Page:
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When Colin Cameron arrived in Arizona in 1882, he was dressed in an eastern suit and carried a walking stick. He had not grown up in the saddle or cut his teeth fighting Apaches. On the contrary, he was Pennsylvania born and bred, the well-educated son of a railroad magnate and the well-connected nephew...
8. Silver and Gold
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In 1877, Edward Schieffelin drifted into the San Pedro Valley after years of prospecting in the Great Basin and the Pacific Northwest. Because Chiricahua Apaches still inhabited the area, soldiers at Camp Huachuca told Schieffelin that the only thing he would find was his tombstone. “The word lingered in...
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More than any other figure of his era, George Wiley Paul Hunt embodied all the contradictions of Arizona in his walruslike frame. His enemies in the business community sneered at his poor grammar and his uncouth table manners, but Hunt understood Arizona politics better than anyone else in the early...
10. Oases in the Desert
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In 1877, Brigham Young, the visionary president of the Church of Jesus Christ of Latter-day Saints, told William Flake to sell everything he owned and take up a mission on the Arizona frontier. With a “sad heart and mental suffering,” Flake gave up the prosperous life he had carved for himself in Utah and...
11. Water and Cotton
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Born in 1877 in the little adobe community of Hayden’s Ferry (renamed Tempe a year later), Carl Hayden grew up on the cusp, watching Arizona change from a frontier to an extractive colony dominated by outside investors. Hayden loved his parents, but he wanted no part of their hard lives. In 1898, ...
III . Transformation
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In the late spring of 1898, a forty-two-year-old art critic from Rutgers University wandered into the Mojave Desert with a horse and a fox terrier for company. He carried a .30-30 rifle for large game and a Chicopee .22-caliber pistol for smaller prey. The rest of his outfit consisted of two light blankets, a shovel...
13. The Depression and the New Deal
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In 1909, Walter Packard, the son of a suffragist and a wealthy Chicago lawyer, came West to work as an extension agent in the Imperial Valley. There, amid the green fields and squalid labor camps, Packard embarked on an intellectual odyssey that was common during the first half of the twentieth century. He started out as a progressive reformer and a protégé of Elwood Mead, who...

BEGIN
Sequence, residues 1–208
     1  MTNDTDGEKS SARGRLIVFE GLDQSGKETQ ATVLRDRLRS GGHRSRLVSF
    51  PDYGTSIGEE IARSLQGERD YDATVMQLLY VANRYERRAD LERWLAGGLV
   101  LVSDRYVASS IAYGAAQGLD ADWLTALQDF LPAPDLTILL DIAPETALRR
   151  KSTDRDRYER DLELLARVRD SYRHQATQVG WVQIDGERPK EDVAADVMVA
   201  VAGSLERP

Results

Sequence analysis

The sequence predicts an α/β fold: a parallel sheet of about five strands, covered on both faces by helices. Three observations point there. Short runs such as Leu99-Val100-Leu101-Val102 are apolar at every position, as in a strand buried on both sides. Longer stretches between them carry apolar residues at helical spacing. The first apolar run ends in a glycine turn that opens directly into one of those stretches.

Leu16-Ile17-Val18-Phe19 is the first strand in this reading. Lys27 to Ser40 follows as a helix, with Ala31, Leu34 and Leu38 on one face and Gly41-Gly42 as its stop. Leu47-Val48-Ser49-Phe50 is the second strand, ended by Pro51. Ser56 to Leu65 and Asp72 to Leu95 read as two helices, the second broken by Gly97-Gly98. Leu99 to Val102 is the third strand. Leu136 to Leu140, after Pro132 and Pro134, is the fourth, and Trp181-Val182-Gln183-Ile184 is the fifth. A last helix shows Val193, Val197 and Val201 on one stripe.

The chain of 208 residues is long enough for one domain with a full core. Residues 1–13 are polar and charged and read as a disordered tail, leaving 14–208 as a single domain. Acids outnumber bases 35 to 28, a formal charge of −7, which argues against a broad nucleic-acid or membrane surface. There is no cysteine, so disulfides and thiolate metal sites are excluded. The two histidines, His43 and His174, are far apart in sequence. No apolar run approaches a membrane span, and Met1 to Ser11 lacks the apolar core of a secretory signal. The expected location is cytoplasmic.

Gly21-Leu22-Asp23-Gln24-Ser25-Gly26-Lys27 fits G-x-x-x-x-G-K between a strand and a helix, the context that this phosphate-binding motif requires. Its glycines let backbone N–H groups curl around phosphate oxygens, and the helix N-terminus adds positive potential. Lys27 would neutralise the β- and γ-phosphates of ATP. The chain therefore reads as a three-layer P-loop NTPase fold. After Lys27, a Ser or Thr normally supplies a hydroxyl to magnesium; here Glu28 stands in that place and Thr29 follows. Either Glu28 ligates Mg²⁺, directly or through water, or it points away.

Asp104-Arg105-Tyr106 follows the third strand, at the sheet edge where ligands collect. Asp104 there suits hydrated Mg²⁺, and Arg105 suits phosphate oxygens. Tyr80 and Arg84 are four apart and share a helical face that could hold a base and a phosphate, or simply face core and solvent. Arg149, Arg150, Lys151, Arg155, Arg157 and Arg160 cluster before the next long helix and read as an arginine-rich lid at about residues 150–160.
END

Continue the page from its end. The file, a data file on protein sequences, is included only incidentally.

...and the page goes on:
14. World War II and the Postwar Boom
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If Horatio Alger had grown up in Arizona, even he would have had a hard time imagining Del Webb. Born in Fresno, California, in 1899, Webb quit school at thirteen to work as a carpenter and play semipro baseball, a passion that would become a business later in life. But after typhoid fever consumed his six-foot-four body and dropped his weight from 204 to 99 pounds, Webb moved to...
15. The Other Arizona
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In 1871 an O’odham war party slipped north of the Salt River and attacked a group of Yavapais below Four Peaks in the Mazatzal Mountains. The Pimas killed most of the adults but took the children captive, including a little boy named Wassaja. They sold him to an Italian photographer named Carlos Gentile...
16. From the Southwest to the Sunbelt
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Before the 1960s the financial world of Arizona was run by local bankers like Frank Brophy, the flamboyant chairman of the board of the Bank of Douglas, and Walter Bimson, the son of a Colorado blacksmith who made the Valley National Bank (VNB) synonymous with Arizona growth. Arizona was a real...
17. Arizona in the Twenty-First Century
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In 2008, just as the nation was about to plunge into the worst recession since the 1930s, two glossy scenarios of urban Arizona in the twenty-first century appeared. One was the Brookings Institution’s Mountain Megas: America’s Newest Metropolitan Places and a Federal Partnership to Help Them Prosper. The...
18. The Political Ecology of a Desert State
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In 1976, Arizona business leaders commissioned Herman Kahn’s Hudson Institute to peer into its crystal ball and divine Arizona’s future. The institute’s report, entitled Arizona Tomorrow, called Arizona “the development prototype for post-industrial society.” During the nineteenth century, many people perceived...
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About the Author
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The Southwest Center Series
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Page Count: 488
Publication Year: 2012